Since time immemorial those in power have been trying to suppress opinions and voices that rose against them – right from the era of Xerxes crushing Sparta, to the Colonial Empire crushing Red Indians, to the present day, when the political party in power wants to crush media that depict opinions and verdicts to the citizens of the nation that do not work in their favour.
However, thanks to social media, reactions are swift, bold and unforgiving –leading to hasty apologies, and retracting and redefining of words that have been uttered at a spur of the moment.
On would recall the recent statement made by Union Home Minister Sushil Kumar Shinde, wherein he expressed his desire to “crush” the electronic media, accusing them of favouring party politics. Shinde, who was addressing a Youth Congress rally in his hometown Solapur, Maharashtra, was reacting to the recent opinion polls conducted by private agencies on the forthcoming Lok Sabha Elections.
Although the Minister was castigated – owing to which a backtracking of sorts came from him – the moot point is that with the advent of social media, it has become necessary for political and corporate leaders to become more ready, transparent and answerable to the masses. This was the primary reason why, when Minister alleged that media was responsible for dividing the country and that the youth finds this conduct unforgivable, it was met with large-scale protests led by the Action Committee against Attacks on Journalists. Shinde later claimed that his comments were directed at “social media”, whereas he had clearly referred to the “electronic media”.
The whole episode is absurd and a mockery of the Constitutional rights pertaining to freedom of speech and consequently, freedom of the Press. Has media been reduced to puppetry by political parties in India? The electronic media in the US holds a pre-election Presidential debate. The electronic media in India conducts pre-election polls and gets drawn into a conflict. The dynamics of both the countries differ, but one may observe that it is such a dichotomy that sets a developing nation apart from a developed one.
On the other hand, the state of media is evolving rapidly and rules of power play are getting subverted with changing times. Media is no longer defensive about its action and is becoming more reactionary with time as independent minds and voices find a mouthpiece in today’s era of internet and the mobile. The spectrum of acceptable opinion is not limited or restricted anymore, but is widening with the increasing number of communication mediums.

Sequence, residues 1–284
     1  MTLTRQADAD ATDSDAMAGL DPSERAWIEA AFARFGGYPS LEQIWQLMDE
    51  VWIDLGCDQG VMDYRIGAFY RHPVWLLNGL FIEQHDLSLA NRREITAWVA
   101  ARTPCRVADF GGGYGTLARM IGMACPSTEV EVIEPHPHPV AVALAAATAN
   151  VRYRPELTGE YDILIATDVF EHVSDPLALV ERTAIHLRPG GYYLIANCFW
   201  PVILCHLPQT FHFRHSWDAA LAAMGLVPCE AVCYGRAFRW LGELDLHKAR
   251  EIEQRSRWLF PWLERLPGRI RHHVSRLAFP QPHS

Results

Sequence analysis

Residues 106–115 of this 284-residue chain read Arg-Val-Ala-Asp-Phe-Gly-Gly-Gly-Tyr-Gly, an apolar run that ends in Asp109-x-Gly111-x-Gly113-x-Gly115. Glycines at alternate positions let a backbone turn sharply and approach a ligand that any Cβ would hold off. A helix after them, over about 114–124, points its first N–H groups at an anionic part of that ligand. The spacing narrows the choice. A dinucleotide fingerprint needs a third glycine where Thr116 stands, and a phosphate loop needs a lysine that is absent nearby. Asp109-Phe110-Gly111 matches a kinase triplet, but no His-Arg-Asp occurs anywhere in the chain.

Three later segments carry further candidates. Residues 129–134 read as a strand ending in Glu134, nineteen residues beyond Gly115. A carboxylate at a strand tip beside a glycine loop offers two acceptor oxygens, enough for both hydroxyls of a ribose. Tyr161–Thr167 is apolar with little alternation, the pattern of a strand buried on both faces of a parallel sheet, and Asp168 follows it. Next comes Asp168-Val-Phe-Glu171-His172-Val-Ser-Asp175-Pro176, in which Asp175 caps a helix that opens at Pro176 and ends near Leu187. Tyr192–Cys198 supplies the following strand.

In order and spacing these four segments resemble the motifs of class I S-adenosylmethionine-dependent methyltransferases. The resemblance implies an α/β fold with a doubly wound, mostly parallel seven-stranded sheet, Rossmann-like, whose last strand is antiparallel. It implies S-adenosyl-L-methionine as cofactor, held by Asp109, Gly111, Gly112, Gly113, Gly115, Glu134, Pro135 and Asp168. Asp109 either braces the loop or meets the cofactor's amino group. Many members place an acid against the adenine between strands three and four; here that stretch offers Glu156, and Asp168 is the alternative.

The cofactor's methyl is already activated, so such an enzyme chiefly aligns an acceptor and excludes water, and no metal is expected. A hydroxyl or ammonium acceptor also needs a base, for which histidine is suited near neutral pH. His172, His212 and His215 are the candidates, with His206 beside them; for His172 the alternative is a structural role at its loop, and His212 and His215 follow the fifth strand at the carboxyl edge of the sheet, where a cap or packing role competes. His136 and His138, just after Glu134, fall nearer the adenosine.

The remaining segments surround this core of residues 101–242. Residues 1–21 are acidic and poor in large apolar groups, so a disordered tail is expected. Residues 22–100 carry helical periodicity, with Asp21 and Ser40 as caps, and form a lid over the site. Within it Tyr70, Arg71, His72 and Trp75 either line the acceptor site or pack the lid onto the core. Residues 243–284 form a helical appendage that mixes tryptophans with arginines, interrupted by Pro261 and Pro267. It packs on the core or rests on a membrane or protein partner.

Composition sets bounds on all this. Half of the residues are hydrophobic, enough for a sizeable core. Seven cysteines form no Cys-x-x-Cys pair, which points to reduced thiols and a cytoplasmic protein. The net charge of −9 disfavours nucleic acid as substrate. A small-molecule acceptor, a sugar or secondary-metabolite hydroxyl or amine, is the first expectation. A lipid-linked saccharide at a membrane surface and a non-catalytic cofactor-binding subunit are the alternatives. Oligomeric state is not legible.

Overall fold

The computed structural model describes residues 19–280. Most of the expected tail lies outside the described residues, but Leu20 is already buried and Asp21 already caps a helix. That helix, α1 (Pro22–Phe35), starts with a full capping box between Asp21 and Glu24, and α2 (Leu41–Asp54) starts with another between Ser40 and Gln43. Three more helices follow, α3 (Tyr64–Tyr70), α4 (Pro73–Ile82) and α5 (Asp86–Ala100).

Controlled media is finally paving the way for free media, where boundaries are blurring and the entire media community is coming together to stand up against atrocities and allegations. All forms of media are intertwined with each other. TV channels carry tweets during their primetime news bulletins, TV interviews are tweeted and talked about, print articles are shared on Facebook and Facebook posts make front page headlines.
Media’s solidarity and consolidation is a positive symbol of progress and the Shinde incident reinstates the faith that people have on such a powerful institutional body. When media comes out of its reservations and collectively engages in sincere reportage, the progress of the nation is inevitable. As Jim Morrison had once famously said, “What controls the media, controls the mind”, this statement stands more valid than ever today.
Power of the electronic media stems from its process of transparency and freedom, where there is no place for discrimination and every action is critiqued and everyone is questioned and analysed. The shows that run today in the news channels are means of discussions and debates, where citizens of the country are given a platform to have a direct interface with politicians, businessmen, entertainers, etc. Nobody is spared. There is no place for any discrepancy, and such straightforward, non-opaque methods have made TV arguably the most important news medium today.
The other interesting observation that can be made is the spin-off statement made by our Home Minister. While he rushed to correct himself, stating that his words were not meant for the press or TV, he ended up blaming social media, very much like his peer Kapil Sibal, who had gone to the extent of demanding pre-screening of posts that go out on social media some time back.
While social media is not yet as regulated or transparent as its electronic media counterparts, yet “crushing” it can never be a viable option. The need of the hour is to combat such mishaps and have a strong social media strategy in place so that such incidents can be curbed. The Government and the people have to realise that social media is still at a nascent stage and, if used with proper disposition, can change the way news is delivered and consumed across the world. Emerging as the most dynamic and powerful medium of communication, social media might have its own challenges, especially those pertaining to law and order propaganda, but one cannot ignore it, nor choose to “crush” it anymore. The very hint of suggesting that possibility reflects ignorance and is laughable.